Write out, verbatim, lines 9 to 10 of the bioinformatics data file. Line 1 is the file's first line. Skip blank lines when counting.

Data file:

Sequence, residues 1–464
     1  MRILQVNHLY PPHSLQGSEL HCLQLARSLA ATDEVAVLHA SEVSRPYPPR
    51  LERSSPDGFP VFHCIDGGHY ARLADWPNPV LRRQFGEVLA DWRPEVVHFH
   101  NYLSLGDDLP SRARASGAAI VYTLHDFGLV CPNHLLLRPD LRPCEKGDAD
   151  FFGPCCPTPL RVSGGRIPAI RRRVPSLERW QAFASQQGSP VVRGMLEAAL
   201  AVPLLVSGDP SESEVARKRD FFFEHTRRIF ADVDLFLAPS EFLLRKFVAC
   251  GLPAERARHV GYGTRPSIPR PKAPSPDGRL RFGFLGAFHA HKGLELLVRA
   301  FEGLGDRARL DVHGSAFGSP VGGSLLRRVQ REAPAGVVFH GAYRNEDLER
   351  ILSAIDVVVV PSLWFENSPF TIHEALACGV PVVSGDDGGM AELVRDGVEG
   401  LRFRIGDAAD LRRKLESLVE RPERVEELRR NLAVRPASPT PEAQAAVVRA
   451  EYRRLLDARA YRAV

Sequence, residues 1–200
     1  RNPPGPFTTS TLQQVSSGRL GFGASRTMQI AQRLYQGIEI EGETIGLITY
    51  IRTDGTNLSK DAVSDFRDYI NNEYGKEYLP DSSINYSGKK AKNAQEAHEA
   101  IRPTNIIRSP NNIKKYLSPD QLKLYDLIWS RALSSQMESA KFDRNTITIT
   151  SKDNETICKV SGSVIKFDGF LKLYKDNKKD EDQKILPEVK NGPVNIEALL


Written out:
   351  ILSAIDVVVV PSLWFENSPF TIHEALACGV PVVSGDDGGM AELVRDGVEG
   401  LRFRIGDAAD LRRKLESLVE RPERVEELRR NLAVRPASPT PEAQAAVVRA